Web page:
“Oh yeah, there are a lot of backstabbers here,” he said, wincing. “There are a lot of people who want growers to give their pot away for free. They want me to run my caf? as a community center without charging for coffee! People object to things for every reason you can imagine, mate. They might not like you because you’re a man, or because you’re Greek. There’s a lot of people who think their opinion is God’s truth. They hide in the bushes outside town while we try to move the town forward. They have their kids selling pot, or smoking it all day ? young kids, who don’t know what they are doing ? and then they criticize me for openly providing a service that harms nobody. They close their eyes to all the bad shit and attack people like me. If I was in this for the money, I wouldn’t be in it. I am in it for justice for the plant. I am in it to make Nimbin the best village in the world.”
Kavasilas has worry lines on his face that weren’t there last year, and one of his employees confesses that she “almost killed some pigs” when a pair of “airy-fairy undercover fuckers came in here the other day with their hidden cameras.”
“For the first four months after the arrest, I was depressed and scared,” Kavasilas recalls. “I would not even go to town. I just stayed around the house and did repairs, and tried to forget what I had seen and what it might mean. I knew I was challenging the law, but I thought we had an agreement, me and the powers that be. I still think everything will turn out all right. I knew my spirit would come back ? and here I am.”
Ah, I was forced to admire how the wild and wonderful spirit of Nimbin shines through despite all the hassles. A few days after I arrived in town, I began hearing rumors that local feminists objected to Cannabis Culture printing photos of attractive female flowers of the human variety. Some women told me that photos of cute girls are “sexist,” and “perverted.”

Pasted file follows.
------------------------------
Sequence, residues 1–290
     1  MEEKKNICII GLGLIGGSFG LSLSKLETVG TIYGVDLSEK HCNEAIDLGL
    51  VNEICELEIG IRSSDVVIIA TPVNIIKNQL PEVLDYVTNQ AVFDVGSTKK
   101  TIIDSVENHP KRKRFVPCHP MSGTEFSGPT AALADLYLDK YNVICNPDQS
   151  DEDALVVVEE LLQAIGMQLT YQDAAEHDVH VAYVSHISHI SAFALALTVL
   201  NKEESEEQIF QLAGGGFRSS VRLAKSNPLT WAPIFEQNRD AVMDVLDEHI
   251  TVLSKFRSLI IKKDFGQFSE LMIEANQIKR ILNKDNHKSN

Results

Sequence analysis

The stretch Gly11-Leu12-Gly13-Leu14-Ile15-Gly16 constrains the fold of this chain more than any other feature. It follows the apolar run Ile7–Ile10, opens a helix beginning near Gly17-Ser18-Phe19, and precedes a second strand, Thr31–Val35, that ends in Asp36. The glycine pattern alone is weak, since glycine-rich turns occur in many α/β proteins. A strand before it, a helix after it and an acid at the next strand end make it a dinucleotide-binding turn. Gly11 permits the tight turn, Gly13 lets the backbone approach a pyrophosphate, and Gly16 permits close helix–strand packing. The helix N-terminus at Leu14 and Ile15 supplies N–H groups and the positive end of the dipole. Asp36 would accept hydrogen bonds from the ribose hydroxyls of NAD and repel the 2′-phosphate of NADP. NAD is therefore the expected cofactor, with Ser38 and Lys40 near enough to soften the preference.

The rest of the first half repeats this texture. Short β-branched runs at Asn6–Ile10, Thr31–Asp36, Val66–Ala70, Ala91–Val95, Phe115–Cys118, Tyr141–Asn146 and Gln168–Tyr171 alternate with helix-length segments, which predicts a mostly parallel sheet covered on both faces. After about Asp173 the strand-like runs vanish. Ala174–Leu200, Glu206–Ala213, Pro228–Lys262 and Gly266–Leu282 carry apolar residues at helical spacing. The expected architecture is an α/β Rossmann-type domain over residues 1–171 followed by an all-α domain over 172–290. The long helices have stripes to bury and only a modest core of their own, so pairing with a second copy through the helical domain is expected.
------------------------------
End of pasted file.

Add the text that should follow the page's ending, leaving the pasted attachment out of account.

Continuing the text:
Later, apparently for my benefit, somebody invited me to a “nude male with marijuana” fashion show in the Oasis.
It was a real sausage fest. Growers, elderly men, a dread-locked white guy, musicians, a gay couple, a middle-aged male caf? manager who calls himself “the goddess,” and even the president of the Chamber of Commerce, all took off their clothes and did the “full Monty” while holding bouquets of buds that were supposed to, but didn’t quite, cover what one woman called “their rude bits.”
The lighting was dim and the poseurs’ background was a marijuana mural that blended too well with the real buds they were holding, but I faithfully photographed several nude dudes, the first time in my life I had ever worked with middle-aged naked guys.
“This was very, uh, interesting,” I said gamely, after the last penis-scrotum combo had been served and the guys had brushed resin glands off their wee-wees, “but I think most of our readers ? male and female ? would prefer that I photograph Angie the Australian and other beautiful young female flowers. You made your point, but most of these gentlemen are telling me they don’t want their rude bits in the magazine.”
“Well, you can put my picture in your magazine,” said one canna-cocksman proudly. “Just call me ‘the lucky stiff with a spliff.'”
? In our next issue, read about the 2002 Mardi Grass, who won the Nimbin Cannabis Cup, how to grow Thunder Down Under, and so much more!